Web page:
There’s soft music playing while they wait for the event to start, and snacks and drinks are being served. Lan Wangji sits down on the floor cushion and shifts around a bit until he finds the position that is most comfortable, then beckons for Sizhui to sit on his lap. The boy clutches Bunbun to his chest. He insists on bringing it everywhere, even to playschool, and Lan Wangji doesn’t have the heart to refuse him.
When everyone’s seated, the music fades out, and the lights are being dimmed safe for the spot where the narrators will be sitting. The first one to read is a lively woman in her forties, who reads two stories. Her voice is steady but never boring; the children in the audience are immediately enraptured. Lan Wangji enjoys himself as well; he’s fascinated by the playful simplicity and wisdom that some of these stories display. He thinks he would like to try his hand at writing a similar story for Sizhui, one of these days.
The second narrator is a man with a remarkably high-pitched voice, who’s stories focus more on comedy. Sizhui’s laughter rings bright and clear to the room, and he claps his hands in delight. Even Lan Wangji cannot help a chuckle from escaping him. His son is happy; should nothing come of this evening, then at least he knows that Sizhui will have had a good time.
Their third narrator is again a woman with a voice so deep that Lan Wangji almost mistakes her for his uncle. She apologises and explains she’s recovering from tonsilitis, and yet her way of reading is smooth and engaging. She has a few puppets with her and plays out scenes with them whenever she needs to take a small break from reading aloud. The children are delighted.
The second-to-last narrator brings with him two crates full of hand puppets. The audience first gets to see his back while he works on his set-up. Sizhui tugs on Lan Wangji’s sleeve and asks for the bathroom. They still have enough time before the next segment begins, and Lan Wangji silently thanks his son’s bladder for this opportunity to move his hip. Soon enough they’re back at their seat. The lights are already dimmed, but the narrator hasn’t begun talking yet.
Lan Wangji helps Sizhui back onto his lap, looks up to the narrator's spot, and freezes.
“Hello! It’s so nice to see you! Is everyone feeling good?” Wei Wuxian asks, a big smile painted onto his lovely face, eyes sparkling.
He’s wearing his hair in a half-up-half-down style today, with his signature red ribbon wrapped around the small ponytail at the back of his head. His hair cascades over his shoulders in gentle waves, framing his face like a dark halo. He’s wearing a chunky cream-coloured cable knit sweater with a round neckline, showing just a hint of his collarbones, and dark jeans with black boots. He has the sleeves of his sweater pushed up to his elbows and a puppet that looks like a cat on his right hand.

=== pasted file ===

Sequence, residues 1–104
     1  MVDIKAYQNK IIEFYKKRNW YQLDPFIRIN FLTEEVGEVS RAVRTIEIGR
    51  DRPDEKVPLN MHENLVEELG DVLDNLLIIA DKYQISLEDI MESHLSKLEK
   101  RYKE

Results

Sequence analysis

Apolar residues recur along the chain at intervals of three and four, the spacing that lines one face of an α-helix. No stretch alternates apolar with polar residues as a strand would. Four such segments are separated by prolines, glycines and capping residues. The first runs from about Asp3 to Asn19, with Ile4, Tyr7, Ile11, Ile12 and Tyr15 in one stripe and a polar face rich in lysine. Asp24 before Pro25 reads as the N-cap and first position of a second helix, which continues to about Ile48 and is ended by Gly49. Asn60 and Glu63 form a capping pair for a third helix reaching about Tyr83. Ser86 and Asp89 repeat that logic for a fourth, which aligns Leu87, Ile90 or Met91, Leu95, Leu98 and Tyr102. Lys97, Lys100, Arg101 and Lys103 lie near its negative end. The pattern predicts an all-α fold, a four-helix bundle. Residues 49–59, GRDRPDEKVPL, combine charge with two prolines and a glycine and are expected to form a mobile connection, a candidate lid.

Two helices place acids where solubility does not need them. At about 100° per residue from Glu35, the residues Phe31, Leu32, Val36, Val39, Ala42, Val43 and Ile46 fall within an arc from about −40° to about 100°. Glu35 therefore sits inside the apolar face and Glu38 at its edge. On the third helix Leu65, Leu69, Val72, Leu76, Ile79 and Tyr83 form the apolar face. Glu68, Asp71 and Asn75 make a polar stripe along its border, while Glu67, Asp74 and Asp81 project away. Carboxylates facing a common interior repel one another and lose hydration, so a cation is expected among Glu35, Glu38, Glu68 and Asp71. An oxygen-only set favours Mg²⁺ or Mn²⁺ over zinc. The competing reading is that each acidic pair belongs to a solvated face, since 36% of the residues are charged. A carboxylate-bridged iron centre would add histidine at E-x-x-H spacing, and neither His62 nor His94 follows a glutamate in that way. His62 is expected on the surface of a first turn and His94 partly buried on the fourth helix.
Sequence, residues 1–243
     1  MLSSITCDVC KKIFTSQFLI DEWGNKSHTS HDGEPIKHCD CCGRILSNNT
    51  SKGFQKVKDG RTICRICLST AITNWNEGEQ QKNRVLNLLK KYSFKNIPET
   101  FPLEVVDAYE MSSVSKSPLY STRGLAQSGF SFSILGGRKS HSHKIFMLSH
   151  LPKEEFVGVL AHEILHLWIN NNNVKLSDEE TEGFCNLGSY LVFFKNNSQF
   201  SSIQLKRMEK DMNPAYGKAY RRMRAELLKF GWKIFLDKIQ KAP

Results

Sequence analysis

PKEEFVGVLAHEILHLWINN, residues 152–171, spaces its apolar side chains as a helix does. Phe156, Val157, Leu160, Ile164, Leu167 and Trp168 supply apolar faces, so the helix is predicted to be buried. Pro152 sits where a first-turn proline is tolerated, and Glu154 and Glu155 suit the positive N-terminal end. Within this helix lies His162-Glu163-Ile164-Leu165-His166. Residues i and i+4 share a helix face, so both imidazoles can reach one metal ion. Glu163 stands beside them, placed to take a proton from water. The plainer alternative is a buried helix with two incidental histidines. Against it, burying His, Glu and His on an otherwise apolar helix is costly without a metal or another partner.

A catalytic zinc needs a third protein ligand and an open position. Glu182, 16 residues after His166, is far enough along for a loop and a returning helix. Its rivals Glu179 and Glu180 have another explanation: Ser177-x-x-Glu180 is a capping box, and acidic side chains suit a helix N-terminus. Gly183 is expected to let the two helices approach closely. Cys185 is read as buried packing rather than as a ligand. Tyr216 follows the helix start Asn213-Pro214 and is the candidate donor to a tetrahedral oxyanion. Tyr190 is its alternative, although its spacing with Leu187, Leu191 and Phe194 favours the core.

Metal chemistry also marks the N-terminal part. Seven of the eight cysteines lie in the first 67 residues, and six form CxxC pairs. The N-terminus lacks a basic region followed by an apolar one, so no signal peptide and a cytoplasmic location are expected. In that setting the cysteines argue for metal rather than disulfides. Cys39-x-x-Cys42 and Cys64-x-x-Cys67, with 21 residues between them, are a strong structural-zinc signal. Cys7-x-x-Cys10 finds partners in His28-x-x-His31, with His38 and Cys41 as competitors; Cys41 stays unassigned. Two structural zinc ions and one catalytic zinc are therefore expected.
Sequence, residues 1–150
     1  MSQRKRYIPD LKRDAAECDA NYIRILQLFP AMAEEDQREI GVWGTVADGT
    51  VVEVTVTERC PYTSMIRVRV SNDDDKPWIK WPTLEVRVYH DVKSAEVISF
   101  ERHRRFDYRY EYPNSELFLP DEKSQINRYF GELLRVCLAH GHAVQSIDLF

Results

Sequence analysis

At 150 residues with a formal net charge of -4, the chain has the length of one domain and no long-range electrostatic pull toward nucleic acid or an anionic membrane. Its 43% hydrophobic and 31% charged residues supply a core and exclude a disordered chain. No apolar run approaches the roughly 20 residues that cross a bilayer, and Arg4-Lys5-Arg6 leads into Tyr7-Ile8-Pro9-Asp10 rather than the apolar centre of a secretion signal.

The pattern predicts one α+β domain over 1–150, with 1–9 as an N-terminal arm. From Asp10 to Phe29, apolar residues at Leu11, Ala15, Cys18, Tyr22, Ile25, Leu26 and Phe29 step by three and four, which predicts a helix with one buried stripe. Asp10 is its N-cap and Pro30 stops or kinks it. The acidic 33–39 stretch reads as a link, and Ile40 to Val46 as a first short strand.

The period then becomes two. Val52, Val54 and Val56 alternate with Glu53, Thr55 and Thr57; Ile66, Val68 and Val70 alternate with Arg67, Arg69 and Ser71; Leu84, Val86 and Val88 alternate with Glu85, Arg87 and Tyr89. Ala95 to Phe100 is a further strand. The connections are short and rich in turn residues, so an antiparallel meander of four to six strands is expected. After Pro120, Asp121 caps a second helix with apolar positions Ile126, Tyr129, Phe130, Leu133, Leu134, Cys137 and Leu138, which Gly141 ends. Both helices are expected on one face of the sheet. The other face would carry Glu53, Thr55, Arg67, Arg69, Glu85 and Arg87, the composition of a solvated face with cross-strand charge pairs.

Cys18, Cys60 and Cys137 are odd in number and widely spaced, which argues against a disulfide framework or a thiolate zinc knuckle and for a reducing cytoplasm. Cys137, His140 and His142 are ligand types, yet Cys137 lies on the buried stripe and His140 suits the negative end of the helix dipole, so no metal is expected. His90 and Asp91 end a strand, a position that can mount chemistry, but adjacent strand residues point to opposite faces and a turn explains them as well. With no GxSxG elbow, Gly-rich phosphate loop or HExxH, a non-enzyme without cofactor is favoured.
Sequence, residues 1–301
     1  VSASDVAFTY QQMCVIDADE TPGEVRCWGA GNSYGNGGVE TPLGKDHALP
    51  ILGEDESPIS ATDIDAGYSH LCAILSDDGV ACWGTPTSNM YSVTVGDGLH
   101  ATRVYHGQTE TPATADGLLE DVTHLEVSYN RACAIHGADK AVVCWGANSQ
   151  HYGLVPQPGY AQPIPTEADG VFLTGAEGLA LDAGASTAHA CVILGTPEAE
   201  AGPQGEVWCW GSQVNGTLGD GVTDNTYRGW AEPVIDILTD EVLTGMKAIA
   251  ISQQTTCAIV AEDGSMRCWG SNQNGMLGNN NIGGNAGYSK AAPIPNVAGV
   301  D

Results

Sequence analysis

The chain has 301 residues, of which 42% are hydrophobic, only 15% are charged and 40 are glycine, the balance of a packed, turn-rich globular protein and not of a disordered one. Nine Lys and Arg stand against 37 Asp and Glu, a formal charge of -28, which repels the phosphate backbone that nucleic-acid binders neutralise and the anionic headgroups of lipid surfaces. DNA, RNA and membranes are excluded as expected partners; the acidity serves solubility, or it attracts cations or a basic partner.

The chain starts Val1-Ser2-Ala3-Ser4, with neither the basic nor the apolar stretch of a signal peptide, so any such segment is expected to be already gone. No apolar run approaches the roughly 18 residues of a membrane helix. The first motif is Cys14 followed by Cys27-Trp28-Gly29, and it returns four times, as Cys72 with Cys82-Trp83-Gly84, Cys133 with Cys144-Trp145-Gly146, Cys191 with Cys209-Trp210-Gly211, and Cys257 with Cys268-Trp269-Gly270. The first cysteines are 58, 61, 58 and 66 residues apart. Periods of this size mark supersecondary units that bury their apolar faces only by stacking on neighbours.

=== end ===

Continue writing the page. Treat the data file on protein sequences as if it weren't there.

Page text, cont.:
He looks beautiful. Lan Wangji wants to run over, take him into his arms, and never let go again.
In his lap, Sizhui gasps. “Xian-gege!” he whispers and looks up to Lan Wangji with big sparkling eyes. Lan Wangji nods knowingly but raises a finger to his lips. He knows how excited Sizhui must be, but he needs him to be quiet as long as the event is still ongoing.
Lan Wangji finds himself captivated by Wei Wuxian’s very presence, by the way he tells his stories, creates different voices and intonations, illustrates the stories with a variety of puppets and toys, and exaggerated facial expressions that have the children in stitches. He could watch him for hours, Lan Wangji finds, and listen to his voice for days.
His heart still yearns for him, just as much as it did as they were teenagers.
Wei Wuxian’s segment is over way too quickly, and there’s still another narrator to listen to. Lan Wangji only half listens to them, his mind still too enraptured by seeing and hearing Wei Wuxian so close to him, yet still out of reach. He’s still in a bit of a daze when the lights are being turned on again, and the audience members begin to get up to either filter out of the bookstore or to have a chat with the employees.
Lan Wangji lifts Sizhui from his lap, gets up, gathers their coats, and turns to grab Sizhui’s hand – only to discover that his child has disappeared.
Wei Wuxian takes a big sip out of his water bottle before putting it back into his backpack. He browses through his crates, just to check if none of the puppets have fallen out while he was taking them into the bookstore’s backroom, and finds that they’re all there.
Except for Bunbun, of course, but he has a new home now.
Wei Wuxian smiles at the memory of the rabbit hand puppet and its new owner and reaches down to pick up a crate so he can carry it to his car when a small weight crashes into his right leg.
Confused, he looks down to find a familiar child attached to his thigh.
“Xian-gege!” Sizhui exclaims happily.